By David Swanson
The “supplemental spending bill” in the House has peace groups against it because it funds the escalation of a war in Afghanistan that a majority of Americans oppose, makes us less safe, and kills human beings. It also has environmentalists against it because it subsidizes nuclear power, the industry that cannot compete in a free market except in the arena of catastrophes, where it may out-do BP some day. But the peace groups and environmental groups are not exactly coordinating together as they could be.
Then there’s the teachers who support the bill because it could fund teachers, and the labor movement which supports the bill because it would fund jobs, and the victims and those concerned for the victims of all variety of disasters who support the bill because it contains aid.
Of course the vast majority of peace and clean-energy activists support all the good things in the bill. And of course the war itself produces disaster victims, itself being a disaster of the worst variety. And of course we’re going to continue ruining the economy by investing in the war machine. And of course the blowback from the wars will kill us whether we have teachers in our schools or not. I think a lot of people across this array of interest groups know all of this. But every group is struggling, and there is no institution to bring them all together.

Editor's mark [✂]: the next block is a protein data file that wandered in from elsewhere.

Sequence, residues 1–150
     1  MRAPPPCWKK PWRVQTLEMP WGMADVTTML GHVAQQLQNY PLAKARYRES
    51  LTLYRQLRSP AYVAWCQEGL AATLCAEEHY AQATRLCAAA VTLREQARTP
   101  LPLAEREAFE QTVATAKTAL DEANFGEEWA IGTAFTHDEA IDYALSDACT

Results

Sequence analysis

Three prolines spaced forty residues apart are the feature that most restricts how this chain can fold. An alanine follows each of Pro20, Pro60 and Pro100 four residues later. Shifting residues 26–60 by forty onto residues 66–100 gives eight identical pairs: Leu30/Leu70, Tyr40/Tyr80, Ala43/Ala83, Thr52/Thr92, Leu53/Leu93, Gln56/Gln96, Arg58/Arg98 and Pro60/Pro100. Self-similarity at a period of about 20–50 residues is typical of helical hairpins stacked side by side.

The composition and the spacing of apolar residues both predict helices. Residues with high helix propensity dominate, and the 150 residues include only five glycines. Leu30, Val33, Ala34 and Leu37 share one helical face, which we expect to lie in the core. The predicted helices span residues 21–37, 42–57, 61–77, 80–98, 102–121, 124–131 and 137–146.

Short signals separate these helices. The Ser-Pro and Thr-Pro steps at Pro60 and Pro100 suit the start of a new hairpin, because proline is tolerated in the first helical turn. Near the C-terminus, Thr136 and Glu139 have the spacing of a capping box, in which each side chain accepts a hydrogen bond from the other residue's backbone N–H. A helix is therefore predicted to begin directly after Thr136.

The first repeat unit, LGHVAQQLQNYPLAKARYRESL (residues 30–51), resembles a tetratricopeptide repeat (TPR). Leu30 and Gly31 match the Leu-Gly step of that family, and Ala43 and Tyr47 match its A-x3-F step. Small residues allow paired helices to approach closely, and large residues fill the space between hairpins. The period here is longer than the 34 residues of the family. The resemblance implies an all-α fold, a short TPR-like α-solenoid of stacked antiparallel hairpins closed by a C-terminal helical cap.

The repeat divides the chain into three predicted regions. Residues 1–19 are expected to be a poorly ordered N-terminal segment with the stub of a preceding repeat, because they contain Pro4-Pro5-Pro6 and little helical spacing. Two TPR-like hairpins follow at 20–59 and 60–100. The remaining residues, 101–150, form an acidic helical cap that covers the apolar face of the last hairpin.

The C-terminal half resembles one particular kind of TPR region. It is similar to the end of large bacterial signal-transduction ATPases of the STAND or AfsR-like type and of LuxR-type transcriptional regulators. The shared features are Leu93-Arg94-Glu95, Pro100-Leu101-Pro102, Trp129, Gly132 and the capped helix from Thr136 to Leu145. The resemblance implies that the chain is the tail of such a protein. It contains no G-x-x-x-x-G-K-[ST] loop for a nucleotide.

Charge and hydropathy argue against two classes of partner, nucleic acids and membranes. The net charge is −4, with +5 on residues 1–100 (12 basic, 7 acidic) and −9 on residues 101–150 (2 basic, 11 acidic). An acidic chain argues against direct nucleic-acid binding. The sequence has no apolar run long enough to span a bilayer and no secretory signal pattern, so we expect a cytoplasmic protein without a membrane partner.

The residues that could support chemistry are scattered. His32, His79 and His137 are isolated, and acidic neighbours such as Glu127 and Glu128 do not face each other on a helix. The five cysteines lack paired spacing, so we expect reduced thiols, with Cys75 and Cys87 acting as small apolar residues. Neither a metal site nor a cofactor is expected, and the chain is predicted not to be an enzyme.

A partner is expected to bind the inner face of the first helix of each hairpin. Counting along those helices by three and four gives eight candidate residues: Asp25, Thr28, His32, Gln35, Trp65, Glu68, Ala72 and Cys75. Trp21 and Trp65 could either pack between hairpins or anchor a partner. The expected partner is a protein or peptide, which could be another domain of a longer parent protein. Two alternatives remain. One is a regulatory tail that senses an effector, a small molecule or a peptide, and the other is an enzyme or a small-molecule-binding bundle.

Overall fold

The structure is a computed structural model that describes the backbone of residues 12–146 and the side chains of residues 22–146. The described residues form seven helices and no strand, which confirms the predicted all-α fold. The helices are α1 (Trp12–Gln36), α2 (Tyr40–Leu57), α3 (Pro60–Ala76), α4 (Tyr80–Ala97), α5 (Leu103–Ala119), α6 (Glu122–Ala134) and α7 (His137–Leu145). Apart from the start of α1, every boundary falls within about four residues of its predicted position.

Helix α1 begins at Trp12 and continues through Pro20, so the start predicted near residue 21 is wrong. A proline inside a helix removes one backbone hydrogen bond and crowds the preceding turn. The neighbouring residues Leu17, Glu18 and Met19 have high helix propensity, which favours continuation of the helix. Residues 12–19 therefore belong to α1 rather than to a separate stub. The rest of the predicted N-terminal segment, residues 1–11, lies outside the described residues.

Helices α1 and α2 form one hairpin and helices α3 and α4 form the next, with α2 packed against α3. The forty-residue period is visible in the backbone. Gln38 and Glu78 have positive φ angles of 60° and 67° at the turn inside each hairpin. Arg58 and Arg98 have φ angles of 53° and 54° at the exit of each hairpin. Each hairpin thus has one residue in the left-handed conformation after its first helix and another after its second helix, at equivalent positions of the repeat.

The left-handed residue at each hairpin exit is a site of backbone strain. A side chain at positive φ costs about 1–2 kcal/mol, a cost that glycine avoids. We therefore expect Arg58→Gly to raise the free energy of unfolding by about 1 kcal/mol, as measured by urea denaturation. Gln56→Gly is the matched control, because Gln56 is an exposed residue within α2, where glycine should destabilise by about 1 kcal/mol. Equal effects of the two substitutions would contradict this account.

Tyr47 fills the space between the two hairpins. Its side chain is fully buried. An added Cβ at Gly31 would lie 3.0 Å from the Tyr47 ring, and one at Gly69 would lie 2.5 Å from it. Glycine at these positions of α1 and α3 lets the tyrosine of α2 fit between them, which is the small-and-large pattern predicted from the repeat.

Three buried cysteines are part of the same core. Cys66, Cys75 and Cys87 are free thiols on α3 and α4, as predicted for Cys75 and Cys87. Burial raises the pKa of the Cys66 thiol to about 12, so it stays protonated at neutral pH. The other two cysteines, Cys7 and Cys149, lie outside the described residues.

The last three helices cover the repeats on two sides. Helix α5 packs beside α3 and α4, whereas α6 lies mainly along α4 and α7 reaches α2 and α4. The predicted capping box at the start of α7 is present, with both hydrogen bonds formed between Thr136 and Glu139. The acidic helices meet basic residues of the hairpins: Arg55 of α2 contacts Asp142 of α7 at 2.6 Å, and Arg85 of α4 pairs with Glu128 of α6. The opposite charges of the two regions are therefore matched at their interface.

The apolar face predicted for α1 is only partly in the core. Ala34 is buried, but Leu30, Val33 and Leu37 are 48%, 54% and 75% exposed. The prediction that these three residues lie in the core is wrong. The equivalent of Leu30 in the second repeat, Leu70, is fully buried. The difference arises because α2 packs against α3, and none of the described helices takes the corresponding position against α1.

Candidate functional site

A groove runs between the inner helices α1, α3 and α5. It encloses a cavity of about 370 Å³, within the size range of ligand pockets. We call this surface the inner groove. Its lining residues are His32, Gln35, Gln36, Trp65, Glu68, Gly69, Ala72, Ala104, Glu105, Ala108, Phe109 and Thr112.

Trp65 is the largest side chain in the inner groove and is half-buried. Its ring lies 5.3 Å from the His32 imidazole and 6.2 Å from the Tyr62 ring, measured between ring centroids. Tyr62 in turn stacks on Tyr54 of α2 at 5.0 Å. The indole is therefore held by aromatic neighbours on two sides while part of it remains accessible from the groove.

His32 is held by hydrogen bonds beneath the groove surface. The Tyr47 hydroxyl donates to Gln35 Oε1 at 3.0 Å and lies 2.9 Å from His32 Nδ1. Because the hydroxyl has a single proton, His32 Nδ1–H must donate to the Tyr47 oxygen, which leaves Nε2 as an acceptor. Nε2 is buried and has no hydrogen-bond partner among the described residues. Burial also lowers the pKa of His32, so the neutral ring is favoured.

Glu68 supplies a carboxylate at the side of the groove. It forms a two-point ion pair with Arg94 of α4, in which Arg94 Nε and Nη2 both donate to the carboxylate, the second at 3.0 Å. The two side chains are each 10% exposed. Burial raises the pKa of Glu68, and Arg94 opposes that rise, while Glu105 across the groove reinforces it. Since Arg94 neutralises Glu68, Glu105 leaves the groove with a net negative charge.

The only cross-discipline coalitions currently in existence that could unite peace, labor, environment, education, and humanitarian groups are wholly owned subsidiaries of the Democratic Party, the same people who’ve unhelpfully packaged everything into one bill. But imagine an independent united front coalition. What would it do?
There’s no being sure, but I could imagine that it might oppose any bill that funded wars and nukes and military waste, while supporting any bill that funded real priorities cleanly. This would force items into separate bills. In the House, the good stuff would pass easily with Democratic votes. And the war funding would pass with the majority of its support coming from Republicans, but members of both parties and the leadership of the Democratic majority would have to paint electoral bulls eyes on their behinds.
Meanwhile in the Senate, the war money would pass with at least 95 votes, but that would make no difference. Once we reached a majority of No votes in the House the Senate would be powerless. The money for schools and jobs and disaster relief would have a harder go of it in the Senate, but opponents would be slathering on those giant bulls eyes, and that would include Democrats that permit the filibuster rule to exist and then use it as an excuse. In the not very long run, this would be a much more encouraging situation than one in which we try to fund jobs at the expense of more heavily funding wars.
This is one of those things, unlike racism or kinky sex, that the left really needs to borrow from the right. We need a united movement, and we lack the communications system or the money to make it easy. But don’t tell me we lack the will.